Islam in the Modern World

Griffith University

Course Description

  • Course Name

    Islam in the Modern World

  • Host University

    Griffith University

  • Location

    Gold Coast, Australia

  • Area of Study

    International Studies, Islamic Studies

  • Language Level

    Taught In English

  • Course Level Recommendations

    Lower

    ISA offers course level recommendations in an effort to facilitate the determination of course levels by credential evaluators.We advice each institution to have their own credentials evaluator make the final decision regrading course levels.

    Hours & Credits

  • Credit Points

    10
  • Recommended U.S. Semester Credits
    3 - 4
  • Recommended U.S. Quarter Units
    4 - 6
  • Overview

    Course Description
    This course provides a comprehensive introduction to Islam including Islamic beliefs and practices, origins and history, and sacred scripture. It examines the most complex debates within Islam today and dilemmas in its relations with the West, including contemporary Muslim thought, Islamic law, human rights, democracy, integration, jihad and conflict in the context of Islam-West relations. 
     
    Course Introduction
    This course is an introduction to the religion of Islam and the cultures and societies that comprise the modern Muslim world. It covers the central teachings of the religion, the major themes the Quran, and Islamic history and civilisation. Building upon this foundation, the course examines how social and political developments have shaped modern Muslim thought. In this context, various debates and dilemmas concerning Islam and its relations with the Western world are discussed including Islamic law, human rights, democracy, jihad, conflict and terrorism. However, this course goes beyond the headlines and attempts to provide a meaningful insight into Muslim societies and communities, including those in Western countries such as Australia. This course uses highly relevant and effective supporting material including a single textbook that relates directly to the course content.
     
    Course Aims
    This course aims to provide an introduction to the study of Islam and Muslims. Students who complete this course will have gained important insights into issues that are highly relevant to the fields of sociology, history and cultural studies, media and journalism and international relations. The aim of this course is to provide students with a comprehensive and relevant introduction to Islam in the context of the modern world, which will be of personal, academical and professional benefit. Within the first few weeks of this course, students will gain a sound understanding of Islam's main teachings, sacred texts, and history. By mid-semester, students will also be familiar with the development of modern Muslim thought and the evolution of Islamic law. By the second half of the semester students will be able to engage in a study of the various debates and dilemmas involving Islam in the modern world that impact most significantly on Islam-West relations. Students will acquire a sound understanding of human rights and democracy in the Muslim world, the concept of jihad, the Israel-Palestine conflict, US foreign policy towards Islam and the Muslim world, the role of the mass media in shaping perceptions of Islam and Muslims, and issues pertaining to Muslim communities living in Australia.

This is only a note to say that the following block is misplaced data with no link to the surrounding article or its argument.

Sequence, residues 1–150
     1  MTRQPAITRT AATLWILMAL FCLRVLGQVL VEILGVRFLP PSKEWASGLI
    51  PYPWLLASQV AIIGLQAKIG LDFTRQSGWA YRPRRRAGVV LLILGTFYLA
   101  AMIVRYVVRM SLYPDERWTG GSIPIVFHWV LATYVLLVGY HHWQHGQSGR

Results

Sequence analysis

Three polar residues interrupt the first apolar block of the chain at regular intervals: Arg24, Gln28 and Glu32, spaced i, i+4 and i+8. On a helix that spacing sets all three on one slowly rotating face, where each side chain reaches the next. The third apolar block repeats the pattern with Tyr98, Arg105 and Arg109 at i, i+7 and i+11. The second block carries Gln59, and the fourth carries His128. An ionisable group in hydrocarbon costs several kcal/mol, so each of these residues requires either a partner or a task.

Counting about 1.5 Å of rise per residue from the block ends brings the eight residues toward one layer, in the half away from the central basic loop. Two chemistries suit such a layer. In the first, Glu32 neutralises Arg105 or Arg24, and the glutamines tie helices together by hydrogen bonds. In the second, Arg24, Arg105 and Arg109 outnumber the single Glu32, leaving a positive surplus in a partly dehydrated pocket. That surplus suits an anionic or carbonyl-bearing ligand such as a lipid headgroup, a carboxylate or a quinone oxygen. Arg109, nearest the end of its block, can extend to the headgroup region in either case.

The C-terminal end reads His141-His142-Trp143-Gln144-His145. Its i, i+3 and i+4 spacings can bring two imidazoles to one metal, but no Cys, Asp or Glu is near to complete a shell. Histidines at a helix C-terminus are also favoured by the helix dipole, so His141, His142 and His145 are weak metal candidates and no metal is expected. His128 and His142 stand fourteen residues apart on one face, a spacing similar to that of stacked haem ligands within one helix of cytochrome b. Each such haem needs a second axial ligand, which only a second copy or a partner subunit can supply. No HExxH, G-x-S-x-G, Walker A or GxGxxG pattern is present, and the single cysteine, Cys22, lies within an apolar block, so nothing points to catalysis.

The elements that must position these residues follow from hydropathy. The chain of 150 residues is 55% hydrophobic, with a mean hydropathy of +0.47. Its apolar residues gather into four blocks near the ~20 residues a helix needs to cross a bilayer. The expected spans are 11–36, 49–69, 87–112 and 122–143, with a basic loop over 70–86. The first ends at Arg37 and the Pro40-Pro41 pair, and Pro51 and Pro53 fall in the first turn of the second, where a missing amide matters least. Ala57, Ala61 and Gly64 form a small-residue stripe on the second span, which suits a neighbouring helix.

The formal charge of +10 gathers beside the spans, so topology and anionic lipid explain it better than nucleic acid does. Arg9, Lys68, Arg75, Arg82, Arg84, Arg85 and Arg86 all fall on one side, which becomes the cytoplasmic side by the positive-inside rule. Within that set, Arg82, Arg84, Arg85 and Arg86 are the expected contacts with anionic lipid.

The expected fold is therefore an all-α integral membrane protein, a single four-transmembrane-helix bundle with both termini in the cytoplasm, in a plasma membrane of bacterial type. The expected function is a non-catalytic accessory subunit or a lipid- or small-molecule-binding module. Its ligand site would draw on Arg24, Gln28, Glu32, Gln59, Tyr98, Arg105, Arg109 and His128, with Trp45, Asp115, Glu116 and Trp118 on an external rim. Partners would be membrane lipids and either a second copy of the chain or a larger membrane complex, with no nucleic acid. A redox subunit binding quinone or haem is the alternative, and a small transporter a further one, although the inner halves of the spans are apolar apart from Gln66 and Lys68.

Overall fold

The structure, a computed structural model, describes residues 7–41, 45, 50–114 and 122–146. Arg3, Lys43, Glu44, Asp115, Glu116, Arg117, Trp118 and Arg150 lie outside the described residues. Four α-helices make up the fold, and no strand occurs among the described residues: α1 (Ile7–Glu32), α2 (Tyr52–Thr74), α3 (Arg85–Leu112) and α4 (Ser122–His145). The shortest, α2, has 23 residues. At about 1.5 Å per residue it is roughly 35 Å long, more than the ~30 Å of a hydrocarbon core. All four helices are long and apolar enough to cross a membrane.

Learning Outcomes
    After successfully completing this course you should be able to:
    1. Understand historical developments in the Muslim world and their impact on contemporary contexts;
    2. Understand the origins, development, and diversity of Islamic thought on various contemporary issues;
    3. Deal more effectively with Muslim people, including within the context of complex debates; and
    4. Analyse and convey an informed opinion on matters pertaining to the contemporary Muslim world, including relations between Islam and the West.

Course Disclaimer

Courses and course hours of instruction are subject to change.

Eligibility for courses may be subject to a placement exam and/or pre-requisites.

Credits earned vary according to the policies of the students' home institutions. According to ISA policy and possible visa requirements, students must maintain full-time enrollment status, as determined by their home institutions, for the duration of the program.